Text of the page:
is nagging iPhone users to enroll in its mobile-payment service with a persistent red circle badge. The strategy has worked with some, but is irritating others who say it is heavy-handed and exploits the tech giant’s clout in ways that could disadvantage rivals.
The tactic, part of the iPhone’s latest operating software launched last fall, is subtle. Users who opt not to input credit-card information for Apple Pay when setting up their phones now constantly see the red circle over their settings icon, indicating their setup is incomplete. Some users also periodically get notification reminders that go away only once they start the enrollment process.
Apple Pay allows users to upload credit or debit cards to an iPhone and securely pay at stores by holding the device above a contactless terminal. Apple makes money by charging banks a slice of each transaction through the mobile-payment service, which it said in 2014 would make cash and physical credit cards obsolete.
Though payment analysts say the service speeds up checkout times and is more secure than traditional cards, Apple Pay has struggled to earn broad adoption in the U.S. Many remain skeptical that it is more secure, including
a 29-year-old professional comedian from Queens, N.Y., who prefers using his credit card directly.
“This is the most aggressive they’ve ever been,” said Mr. Frederick, who has had a red badge over his iPhone settings since updating his software in mid-January. He said the notification has made him consider trading his iPhone 6 for a Google Pixel. “All that from one dot,” he said.
The Apple Pay push reflects how tech titans increasingly are using their own devices, software or data to promote their businesses, sometimes at the cost of smaller rivals.
sometimes steers Alexa shoppers to its own brands, and
Google has been accused of blocking rivals’ ads on its Chrome browser. Amazon said customers can always ask for specific brands. Google denied having undue influence over ad-blocking rules.
“Everyone is doing essentially the same trick,” said
an analyst with Endpoint Technologies Associates. “It’s really antitrust behavior.”
Mr. Kay compared Apple Pay setup badges and notifications to
bundling its Internet Explorer browser with Windows in the 1990s—a strategy the Justice Department successfully sued to stop on antitrust grounds saying it hurt rivals. “They used to have actual behavioral remedies and say you can’t do this,” Mr. Kay said.
Apple declined to comment on potential antitrust concerns. The Justice Department didn’t immediately respond to a request for comment.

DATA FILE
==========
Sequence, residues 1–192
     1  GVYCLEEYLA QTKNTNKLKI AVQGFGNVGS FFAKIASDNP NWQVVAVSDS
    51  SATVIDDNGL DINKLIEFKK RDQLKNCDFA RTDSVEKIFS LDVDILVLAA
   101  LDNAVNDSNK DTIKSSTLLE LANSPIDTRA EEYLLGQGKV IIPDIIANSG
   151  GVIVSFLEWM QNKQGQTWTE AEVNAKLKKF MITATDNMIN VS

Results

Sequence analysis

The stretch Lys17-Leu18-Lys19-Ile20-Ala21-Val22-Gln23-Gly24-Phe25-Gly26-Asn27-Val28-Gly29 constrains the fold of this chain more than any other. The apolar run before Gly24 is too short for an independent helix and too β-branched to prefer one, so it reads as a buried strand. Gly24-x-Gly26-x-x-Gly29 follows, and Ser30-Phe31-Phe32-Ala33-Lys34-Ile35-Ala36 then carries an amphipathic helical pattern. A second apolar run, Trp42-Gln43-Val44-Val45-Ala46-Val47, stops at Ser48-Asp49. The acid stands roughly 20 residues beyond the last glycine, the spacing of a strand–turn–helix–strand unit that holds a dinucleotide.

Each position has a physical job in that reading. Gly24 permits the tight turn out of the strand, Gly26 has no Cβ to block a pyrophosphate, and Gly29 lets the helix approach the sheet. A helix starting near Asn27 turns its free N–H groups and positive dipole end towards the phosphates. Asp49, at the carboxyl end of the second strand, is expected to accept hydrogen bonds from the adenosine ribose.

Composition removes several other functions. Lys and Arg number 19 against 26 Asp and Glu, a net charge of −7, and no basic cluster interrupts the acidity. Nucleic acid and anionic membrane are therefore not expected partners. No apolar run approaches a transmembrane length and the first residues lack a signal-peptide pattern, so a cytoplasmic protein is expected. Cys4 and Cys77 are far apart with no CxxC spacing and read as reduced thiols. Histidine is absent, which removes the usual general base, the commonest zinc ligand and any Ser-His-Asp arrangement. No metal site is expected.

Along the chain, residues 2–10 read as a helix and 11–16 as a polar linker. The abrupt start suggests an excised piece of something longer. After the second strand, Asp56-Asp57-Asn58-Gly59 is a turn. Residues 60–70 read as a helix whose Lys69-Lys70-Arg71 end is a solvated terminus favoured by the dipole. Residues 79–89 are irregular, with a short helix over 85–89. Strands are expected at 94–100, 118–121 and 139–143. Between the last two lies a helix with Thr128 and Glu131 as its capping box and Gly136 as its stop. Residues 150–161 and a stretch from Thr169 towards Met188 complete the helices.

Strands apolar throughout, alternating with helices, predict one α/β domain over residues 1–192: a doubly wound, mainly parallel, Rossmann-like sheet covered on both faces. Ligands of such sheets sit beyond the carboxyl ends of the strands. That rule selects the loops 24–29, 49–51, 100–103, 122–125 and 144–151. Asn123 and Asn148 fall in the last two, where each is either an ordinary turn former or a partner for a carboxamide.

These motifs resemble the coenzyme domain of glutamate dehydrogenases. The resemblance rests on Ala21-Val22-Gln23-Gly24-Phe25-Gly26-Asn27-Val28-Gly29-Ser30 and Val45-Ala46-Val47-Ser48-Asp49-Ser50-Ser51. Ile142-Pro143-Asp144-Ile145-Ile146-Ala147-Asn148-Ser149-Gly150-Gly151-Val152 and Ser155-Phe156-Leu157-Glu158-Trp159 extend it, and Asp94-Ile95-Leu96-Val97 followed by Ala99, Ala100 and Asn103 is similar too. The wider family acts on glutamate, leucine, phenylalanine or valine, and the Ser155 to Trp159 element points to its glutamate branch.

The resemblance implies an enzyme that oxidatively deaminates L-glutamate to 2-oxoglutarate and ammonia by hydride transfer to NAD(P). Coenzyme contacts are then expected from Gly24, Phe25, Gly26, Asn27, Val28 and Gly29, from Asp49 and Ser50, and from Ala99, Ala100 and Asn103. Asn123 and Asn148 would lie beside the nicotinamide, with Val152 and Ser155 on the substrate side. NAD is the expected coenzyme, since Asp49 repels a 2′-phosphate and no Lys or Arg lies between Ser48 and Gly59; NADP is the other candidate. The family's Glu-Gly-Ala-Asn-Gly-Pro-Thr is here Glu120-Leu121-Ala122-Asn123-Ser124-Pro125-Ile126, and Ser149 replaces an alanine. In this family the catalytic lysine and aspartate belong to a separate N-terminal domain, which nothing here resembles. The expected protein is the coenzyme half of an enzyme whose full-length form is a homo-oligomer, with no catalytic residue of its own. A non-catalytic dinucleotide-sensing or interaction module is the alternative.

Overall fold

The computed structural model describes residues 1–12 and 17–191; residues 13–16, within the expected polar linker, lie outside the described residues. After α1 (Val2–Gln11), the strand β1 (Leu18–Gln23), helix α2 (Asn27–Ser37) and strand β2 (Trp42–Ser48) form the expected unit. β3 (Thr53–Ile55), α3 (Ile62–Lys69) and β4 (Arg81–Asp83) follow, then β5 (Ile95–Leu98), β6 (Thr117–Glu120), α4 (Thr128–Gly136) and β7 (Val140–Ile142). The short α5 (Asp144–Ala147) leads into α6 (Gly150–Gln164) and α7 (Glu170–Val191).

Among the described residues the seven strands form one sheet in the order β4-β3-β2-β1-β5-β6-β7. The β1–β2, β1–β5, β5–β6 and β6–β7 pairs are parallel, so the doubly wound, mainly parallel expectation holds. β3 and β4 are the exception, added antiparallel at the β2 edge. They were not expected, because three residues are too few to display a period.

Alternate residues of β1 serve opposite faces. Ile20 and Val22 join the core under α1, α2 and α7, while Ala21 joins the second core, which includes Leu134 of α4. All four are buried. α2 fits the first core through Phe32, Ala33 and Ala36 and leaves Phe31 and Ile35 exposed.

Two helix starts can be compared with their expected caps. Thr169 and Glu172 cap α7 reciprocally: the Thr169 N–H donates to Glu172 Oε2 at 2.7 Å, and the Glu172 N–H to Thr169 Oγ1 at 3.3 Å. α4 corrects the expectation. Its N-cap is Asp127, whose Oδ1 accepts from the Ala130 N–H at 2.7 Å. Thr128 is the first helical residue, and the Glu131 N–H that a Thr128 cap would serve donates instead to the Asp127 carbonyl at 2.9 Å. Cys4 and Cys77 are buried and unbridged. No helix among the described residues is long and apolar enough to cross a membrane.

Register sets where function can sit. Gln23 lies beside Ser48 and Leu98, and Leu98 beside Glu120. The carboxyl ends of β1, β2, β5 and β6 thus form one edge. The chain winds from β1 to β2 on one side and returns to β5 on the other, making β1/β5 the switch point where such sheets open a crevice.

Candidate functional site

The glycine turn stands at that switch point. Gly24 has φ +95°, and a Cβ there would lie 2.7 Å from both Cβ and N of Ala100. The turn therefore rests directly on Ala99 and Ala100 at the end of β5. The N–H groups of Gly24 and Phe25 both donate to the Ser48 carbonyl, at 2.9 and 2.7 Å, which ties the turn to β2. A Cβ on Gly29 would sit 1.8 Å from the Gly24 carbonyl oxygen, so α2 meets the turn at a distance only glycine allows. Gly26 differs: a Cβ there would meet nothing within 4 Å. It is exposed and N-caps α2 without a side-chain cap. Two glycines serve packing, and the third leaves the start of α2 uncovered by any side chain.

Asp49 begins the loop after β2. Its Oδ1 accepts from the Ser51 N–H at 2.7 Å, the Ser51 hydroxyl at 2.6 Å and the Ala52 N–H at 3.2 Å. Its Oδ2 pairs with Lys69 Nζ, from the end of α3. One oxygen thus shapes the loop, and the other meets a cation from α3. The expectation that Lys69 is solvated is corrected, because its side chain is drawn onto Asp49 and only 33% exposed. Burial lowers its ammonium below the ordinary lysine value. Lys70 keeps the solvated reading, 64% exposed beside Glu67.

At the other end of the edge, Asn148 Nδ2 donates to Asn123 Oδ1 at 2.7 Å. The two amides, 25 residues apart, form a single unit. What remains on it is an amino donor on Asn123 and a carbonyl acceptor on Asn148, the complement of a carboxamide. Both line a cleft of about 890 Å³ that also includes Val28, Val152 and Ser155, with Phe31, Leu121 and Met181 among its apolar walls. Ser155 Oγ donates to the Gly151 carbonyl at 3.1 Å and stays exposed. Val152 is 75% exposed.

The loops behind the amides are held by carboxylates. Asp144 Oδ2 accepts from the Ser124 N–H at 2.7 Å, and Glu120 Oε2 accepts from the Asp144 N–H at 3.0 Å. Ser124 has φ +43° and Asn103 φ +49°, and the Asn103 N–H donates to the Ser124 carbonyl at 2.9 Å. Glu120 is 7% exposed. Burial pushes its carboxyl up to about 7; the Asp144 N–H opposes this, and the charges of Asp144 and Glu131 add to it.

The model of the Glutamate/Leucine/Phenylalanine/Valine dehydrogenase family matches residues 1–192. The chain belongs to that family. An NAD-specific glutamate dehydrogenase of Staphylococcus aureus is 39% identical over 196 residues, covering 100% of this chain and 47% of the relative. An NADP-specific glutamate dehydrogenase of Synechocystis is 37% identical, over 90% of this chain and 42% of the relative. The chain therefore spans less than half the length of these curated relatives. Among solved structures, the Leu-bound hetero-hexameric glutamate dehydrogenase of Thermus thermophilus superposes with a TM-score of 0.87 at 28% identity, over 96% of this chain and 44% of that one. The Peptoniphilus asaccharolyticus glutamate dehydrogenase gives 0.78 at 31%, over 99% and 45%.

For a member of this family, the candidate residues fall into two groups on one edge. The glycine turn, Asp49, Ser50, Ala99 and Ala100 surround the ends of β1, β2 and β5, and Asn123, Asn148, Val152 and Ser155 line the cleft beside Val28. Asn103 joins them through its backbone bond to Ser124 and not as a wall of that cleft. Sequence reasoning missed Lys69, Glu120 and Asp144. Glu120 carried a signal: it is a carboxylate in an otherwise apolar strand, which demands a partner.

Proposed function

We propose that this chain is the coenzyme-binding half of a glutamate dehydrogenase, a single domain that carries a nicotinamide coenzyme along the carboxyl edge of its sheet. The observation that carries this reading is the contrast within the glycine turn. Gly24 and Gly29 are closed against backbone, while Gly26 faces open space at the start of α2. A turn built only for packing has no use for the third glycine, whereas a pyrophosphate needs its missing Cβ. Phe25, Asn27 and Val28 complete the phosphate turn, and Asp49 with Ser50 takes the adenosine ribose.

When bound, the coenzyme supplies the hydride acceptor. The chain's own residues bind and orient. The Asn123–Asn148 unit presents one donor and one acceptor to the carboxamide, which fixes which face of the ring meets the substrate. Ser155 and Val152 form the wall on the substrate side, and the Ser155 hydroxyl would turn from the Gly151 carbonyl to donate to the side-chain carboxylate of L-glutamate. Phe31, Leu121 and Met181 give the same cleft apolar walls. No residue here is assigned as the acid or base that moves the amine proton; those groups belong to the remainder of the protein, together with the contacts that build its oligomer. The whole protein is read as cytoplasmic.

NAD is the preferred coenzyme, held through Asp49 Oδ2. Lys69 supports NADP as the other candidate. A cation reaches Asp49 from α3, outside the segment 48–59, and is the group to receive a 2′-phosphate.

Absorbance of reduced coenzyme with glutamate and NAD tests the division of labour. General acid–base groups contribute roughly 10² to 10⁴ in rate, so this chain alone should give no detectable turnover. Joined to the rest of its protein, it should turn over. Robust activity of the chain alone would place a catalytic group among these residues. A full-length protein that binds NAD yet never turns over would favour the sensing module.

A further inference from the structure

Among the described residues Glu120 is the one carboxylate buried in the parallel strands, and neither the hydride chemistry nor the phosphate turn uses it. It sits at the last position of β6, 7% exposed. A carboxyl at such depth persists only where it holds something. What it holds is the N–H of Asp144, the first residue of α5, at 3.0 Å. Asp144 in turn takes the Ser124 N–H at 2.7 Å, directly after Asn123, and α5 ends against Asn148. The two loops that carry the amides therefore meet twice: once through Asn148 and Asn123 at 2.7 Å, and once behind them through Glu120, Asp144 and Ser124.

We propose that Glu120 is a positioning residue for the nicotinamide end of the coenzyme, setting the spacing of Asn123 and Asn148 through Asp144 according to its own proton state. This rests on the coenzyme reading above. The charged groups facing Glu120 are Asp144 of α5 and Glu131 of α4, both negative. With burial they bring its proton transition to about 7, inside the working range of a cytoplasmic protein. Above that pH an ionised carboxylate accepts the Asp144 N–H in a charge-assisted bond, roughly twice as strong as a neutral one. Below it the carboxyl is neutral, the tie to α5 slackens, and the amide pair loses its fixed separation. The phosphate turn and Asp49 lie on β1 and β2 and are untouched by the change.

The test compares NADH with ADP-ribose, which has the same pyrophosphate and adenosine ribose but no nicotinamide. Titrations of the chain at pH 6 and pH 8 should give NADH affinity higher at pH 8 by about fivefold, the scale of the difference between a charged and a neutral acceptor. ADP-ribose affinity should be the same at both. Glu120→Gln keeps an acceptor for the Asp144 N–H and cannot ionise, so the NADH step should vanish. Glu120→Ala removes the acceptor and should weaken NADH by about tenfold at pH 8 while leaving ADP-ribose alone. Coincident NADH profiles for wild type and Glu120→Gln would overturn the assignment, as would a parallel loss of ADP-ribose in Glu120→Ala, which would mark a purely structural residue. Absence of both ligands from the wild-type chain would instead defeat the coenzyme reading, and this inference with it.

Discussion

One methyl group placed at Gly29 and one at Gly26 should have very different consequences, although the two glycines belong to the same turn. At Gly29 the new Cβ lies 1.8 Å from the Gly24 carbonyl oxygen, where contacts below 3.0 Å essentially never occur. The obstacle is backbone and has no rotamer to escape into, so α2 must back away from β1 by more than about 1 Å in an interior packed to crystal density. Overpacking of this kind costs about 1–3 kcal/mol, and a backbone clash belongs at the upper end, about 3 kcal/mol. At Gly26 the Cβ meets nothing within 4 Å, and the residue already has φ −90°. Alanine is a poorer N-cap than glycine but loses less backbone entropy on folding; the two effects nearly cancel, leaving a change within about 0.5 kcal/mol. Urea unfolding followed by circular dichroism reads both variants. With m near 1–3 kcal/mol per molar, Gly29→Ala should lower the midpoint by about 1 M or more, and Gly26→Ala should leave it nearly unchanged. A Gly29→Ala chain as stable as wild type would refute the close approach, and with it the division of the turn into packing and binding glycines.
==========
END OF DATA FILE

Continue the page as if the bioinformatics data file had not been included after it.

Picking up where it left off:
This marks one of the first times Apple has used a red-badge notification to push one of its services that generates revenue. The badges are effective at driving users to take action because people know the red circle means something needs attention, said
a principal with Nielsen Norman Group, a user-experience consulting firm.
“The real problem is there’s no differentiation between, ‘We want to bring your attention to it because it’s vital,’ and something like this that for some people it’s vital and others it’s not,” said Mr. Tognazzini.
Apple’s own guidelines, posted online for some devices, advise developers to minimize badges and only use it to “present brief, essential information and atypical content changes.”
The tech giant is trying to accelerate the growth of its services business, which includes Apple Pay, its music-streaming service and App Store sales. Its goal is for the $29 billion business to generate more than $40 billion in revenue by fiscal 2020. The company is leaning on that business to offset stagnating smartphone shipments, which account for two-thirds of revenue.
Early estimates indicate Apple’s software change has helped boost Apple Pay enrollment. After launching iOS 11 in September, Apple Pay was enrolling more than two million users weekly for a month—more than double the roughly 750,000 it previously added weekly, according to Loup Ventures, a venture-capital firm specializing in tech research. The pace has since slowed to 1.5 million new enrollments a week.
An estimated 34% of new iPhone owners link a card to Apple Pay during setup and 18% have used it in the past 90 days, according to 451 Research, a technology research firm. Alphabet Inc.’s Google Pay, formerly known as Android Pay, and
Samsung Pay don’t use the same tactics as Apple and about 8% of users have used those services in the past 90 days, said 451 Research.
and Zelle, a service created by U.S. banks, are among the companies and apps competing against Apple in mobile payments.
founder of the Pay Finders app that maps Apple Pay retail acceptance, said those companies stand to lose as Apple becomes more aggressive. “They’re going to have to move someone else aside,” he said.
PayPal and Square, which have partnerships with Apple, said they support efforts to encourage people to adopt mobile payments. Zelle declined to comment.
At Apple’s annual shareholder meeting in February, Chief Executive
said mobile payments have taken off slower than he expected. Some consumers remain wary of potential security risks and others are uncertain about where Apple Pay is accepted. However, Mr. Cook said he hopes he will “be alive to see the elimination of money.”
—Peter Rudegeair contributed to this article.